"It was like they almost all had a little meeting in the back room and said, 'Let's get Strachan,' " he said of his creditors. "How does it serve them to treat people like that? Are they trying to force them into bankruptcy?"

Lawyers he consulted advised Mr. Strachan to take the easy - and increasingly popular - way out by filing for bankruptcy protection, but he refused. He is struggling to make good on his debts "because I have principles and ethics."

But the battle to dig out of a deepening hole has taken a toll. Mr. Strachan said he had lost 30 pounds and described himself as a "broken man."

Lately, he said, Bank One has periodically reduced his credit limit to a level just above his remaining balance, leaving him little margin for error. Some months, he said, if he were to pay only the minimum due, the ensuing finance charge would put his balance over the limit, triggering a penalty fee.

By doing that, he said, "They create their own little monster."


He was using too much of his credit? You gave him the credit! Why would you possibly give someone more of something than you wanted him to use?

Oh...right.

This article compliments an episode of "Frontline" that's supposed to air this week about the same subject.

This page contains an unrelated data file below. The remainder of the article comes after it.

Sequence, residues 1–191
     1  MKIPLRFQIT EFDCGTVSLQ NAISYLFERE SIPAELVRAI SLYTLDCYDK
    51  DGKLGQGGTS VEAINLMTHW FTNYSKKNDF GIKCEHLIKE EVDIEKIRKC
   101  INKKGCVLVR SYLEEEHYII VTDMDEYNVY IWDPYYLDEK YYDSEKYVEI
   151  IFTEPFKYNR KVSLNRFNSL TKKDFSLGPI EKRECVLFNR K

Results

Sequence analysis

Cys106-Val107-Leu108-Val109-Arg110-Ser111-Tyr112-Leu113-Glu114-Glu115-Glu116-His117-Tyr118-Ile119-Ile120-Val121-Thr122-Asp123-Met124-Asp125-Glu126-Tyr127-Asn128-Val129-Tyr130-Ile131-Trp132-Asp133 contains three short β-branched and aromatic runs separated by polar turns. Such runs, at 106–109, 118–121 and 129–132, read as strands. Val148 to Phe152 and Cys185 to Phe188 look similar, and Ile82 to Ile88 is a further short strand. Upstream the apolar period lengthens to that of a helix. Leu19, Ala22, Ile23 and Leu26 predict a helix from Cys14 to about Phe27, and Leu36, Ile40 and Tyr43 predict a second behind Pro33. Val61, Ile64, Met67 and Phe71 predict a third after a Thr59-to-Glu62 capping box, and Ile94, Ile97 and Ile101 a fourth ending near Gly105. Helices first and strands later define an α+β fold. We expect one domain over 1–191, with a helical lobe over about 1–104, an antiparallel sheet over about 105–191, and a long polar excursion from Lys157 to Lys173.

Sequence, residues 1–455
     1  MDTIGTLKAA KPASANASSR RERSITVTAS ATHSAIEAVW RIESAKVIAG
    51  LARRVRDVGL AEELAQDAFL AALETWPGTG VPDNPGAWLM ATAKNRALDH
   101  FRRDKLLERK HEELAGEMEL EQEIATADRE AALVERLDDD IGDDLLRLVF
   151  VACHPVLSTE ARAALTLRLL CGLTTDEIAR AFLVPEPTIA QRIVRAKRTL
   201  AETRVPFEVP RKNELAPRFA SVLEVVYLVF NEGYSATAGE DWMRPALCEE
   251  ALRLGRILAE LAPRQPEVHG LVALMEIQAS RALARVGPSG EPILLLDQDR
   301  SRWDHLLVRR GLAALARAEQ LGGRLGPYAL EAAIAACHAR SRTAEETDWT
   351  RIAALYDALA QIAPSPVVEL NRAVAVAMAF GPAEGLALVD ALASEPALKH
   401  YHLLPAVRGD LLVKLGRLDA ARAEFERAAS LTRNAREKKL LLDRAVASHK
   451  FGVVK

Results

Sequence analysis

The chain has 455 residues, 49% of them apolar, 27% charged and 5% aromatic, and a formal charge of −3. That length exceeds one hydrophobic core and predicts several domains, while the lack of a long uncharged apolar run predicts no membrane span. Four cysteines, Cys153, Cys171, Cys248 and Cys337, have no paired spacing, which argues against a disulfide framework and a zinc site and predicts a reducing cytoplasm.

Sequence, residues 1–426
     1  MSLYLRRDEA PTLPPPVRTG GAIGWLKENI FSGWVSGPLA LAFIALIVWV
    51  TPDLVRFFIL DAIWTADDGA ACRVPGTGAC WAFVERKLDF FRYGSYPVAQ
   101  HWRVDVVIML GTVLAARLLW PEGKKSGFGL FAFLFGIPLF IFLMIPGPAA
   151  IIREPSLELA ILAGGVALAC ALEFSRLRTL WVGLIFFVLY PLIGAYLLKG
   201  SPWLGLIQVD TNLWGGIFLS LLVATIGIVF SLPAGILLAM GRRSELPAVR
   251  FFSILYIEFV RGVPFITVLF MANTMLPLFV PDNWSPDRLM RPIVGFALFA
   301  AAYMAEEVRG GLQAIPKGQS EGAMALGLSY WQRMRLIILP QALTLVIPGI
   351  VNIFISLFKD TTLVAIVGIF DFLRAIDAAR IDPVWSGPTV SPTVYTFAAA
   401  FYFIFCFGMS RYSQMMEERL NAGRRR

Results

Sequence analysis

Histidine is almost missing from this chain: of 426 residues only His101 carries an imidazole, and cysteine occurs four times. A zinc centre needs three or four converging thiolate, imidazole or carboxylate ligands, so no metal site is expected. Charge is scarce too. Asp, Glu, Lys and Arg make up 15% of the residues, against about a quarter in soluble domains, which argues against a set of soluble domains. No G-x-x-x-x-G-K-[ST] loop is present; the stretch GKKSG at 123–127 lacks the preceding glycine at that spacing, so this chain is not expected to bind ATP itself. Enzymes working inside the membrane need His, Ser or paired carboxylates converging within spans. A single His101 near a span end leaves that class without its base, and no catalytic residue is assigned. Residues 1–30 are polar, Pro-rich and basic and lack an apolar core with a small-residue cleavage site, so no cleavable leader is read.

Don't get me wrong, I don't encourage people to take on debt this way, and I do think that there has to be some sort of consequence for people who thought that they could get free money with no strings attached. The credit card companies are exploitative, but that's their nature, and people should expect to get burned in some fashion if they aren't careful. It's like Las Vegas: The house always wins.

But that's not to say that there aren't people like the gentleman in the story above, who played by what they thought were the rules and got a raw deal.

Monday, November 08, 2004

Desire for Consistency is SO Petty

Ah, yes. It's time for "Blame the Red Staters!" They're a bunch of ignorant fuckers who don't know what they really need. It's not because, say, the Democrats had no way of appealing to the Red States, other than "You're unemployed, and the unemployed always vote for the Democrats, so let's keep that going, shall we?" Kerry had a plan for family farms, but never once discussed it during the debates. If you don't talk to these people, why would you expect them to vote for you?

* * *